Keep pension information secret to protect seniors
Citizens deserve to know that government is working for them. Senate Bill 6 and House Bill 48 support this need by disclosing state retirees' pension benefits. While Americans hold income as immensely private, public employees are the exception, and for good reasons. We sacrifice this slice of our personal privacy to best serve our communities.
Citizens deserve a reasonable level of privacy. These bills undermine that right. Scammers prey on the elderly. If the legislature gives identity thieves and fraudulent hucksters the name and income of every Kentucky retiree, will the state pay for identity theft monitoring and compensation for retirees victimized as a result?
Our lifelong civil servants deserve better. If we don't keep our promises to our retirees, Kentucky will not be able to attract and retain the highest-quality employees in the future.
I ask the legislature to rewrite these bills, balancing government transparency and personal privacy. Study how education shares insight into academic success through aggregation of data, without exposing individuals' records.
Explore anonymized reporting-but beware of search criteria or results that could allow identities to be deduced. Partner with open-government groups and privacy watchdogs to strike the right balance. Release personally identifiable information only in response to a subpoena.
If that is too much work, then at least limit the data to the essential. Limit reporting to three years. This will still meet the goals of this bill, while reducing impact on retirees as they age.
Until these bills are fixed, please vote against SB 6 and HB 48.
Not sure this is tax reform
There is no doubt that the state of Kentucky needs more tax revenue. The question is how do we go about it.
According to the Feb. 5 article, Gov. Steve Beshear's proposal would raise an additional $210 million. He would accomplish this by imposing the 6 percent sales tax on services, raising the cigarette tax to $1 a pack, changing the rules on state income tax filing status, eliminating the individual income tax credit and raising taxes on retirees.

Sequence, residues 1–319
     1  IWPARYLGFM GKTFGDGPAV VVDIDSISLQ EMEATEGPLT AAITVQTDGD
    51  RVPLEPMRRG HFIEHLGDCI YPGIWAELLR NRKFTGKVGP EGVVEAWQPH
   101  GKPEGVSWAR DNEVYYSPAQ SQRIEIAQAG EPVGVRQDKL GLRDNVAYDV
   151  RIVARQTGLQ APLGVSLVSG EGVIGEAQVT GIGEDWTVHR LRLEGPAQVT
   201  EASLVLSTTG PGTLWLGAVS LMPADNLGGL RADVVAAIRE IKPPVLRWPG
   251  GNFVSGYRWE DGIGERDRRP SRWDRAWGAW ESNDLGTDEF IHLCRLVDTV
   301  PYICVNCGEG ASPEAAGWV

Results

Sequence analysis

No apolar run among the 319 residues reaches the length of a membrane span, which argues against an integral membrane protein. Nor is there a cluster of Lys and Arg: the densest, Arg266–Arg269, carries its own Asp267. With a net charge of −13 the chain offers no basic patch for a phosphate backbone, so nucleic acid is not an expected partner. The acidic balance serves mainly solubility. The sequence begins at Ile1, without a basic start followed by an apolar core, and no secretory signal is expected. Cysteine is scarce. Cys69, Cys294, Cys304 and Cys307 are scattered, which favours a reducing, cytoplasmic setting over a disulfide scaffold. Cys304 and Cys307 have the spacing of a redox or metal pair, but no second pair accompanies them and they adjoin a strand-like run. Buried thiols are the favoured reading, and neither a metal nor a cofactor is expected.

These changes would raise some $687 million.
But while there are increases on the losers there are decreases on the winners. The net result is that the $687 million increase would be offset by cuts of $477 million, most of which goes to business. Interestingly, The New York Times just came out with a study that reveals that Kentucky already provides tax benefits of $1.41 billion to corporations such as Toyota, Ford, G.E., General Motors and many others.
Yet these additional tax cuts for business are justified as "making Kentucky more competitive." This, in spite of the fact that the governor's own Blue Ribbon Tax Commission found that Kentucky was very cost competitive with seven of the nine states surrounding us.
Increases in the sales tax are by their nature regressive. The proposed changes in the way the state income tax will be calculated are also regressive. I believe in tax reform, but I question whether the proposal currently being floated is worthy of the name.
Why is coal left out?
At the bottom right hand corner of the Herald-Leader chart summarizing tax increases and tax decreases that the governor proposes, tax breaks amounting to $49 million are suggested for "Kentucky's signature industries, including horses and bourbon."
What would coal have to do to join that exclusive club? Or is it by invitation only?
Frank X. Delzer
Set students on right track
The National Assessment of Educational Progress report, as outlined in the Jan. 29 article, "Report: A large majority of Ky. kids aren't reading proficiently by fourth grade," says two-thirds of Kentucky's fourth-graders are reading at a level below "proficient."
Kentucky Education Commissioner Terry Holliday responded that this was too high a standard; after all, proficient means the student is on track for college and career readiness.
On which readiness track does Holliday expect our students to be? That leading to permanent public assistance? Adult illiteracy? Lifetime unemployment?
He's concerned about gaps in student achievement. When 67 percent of the students for whom he is responsible are failing to learn basic life skills, he should be concerned that the entire system is catastrophically broken and needs to be completely overhauled.
Someone please explain to me why the leader of education in Kentucky should still be employed in that capacity.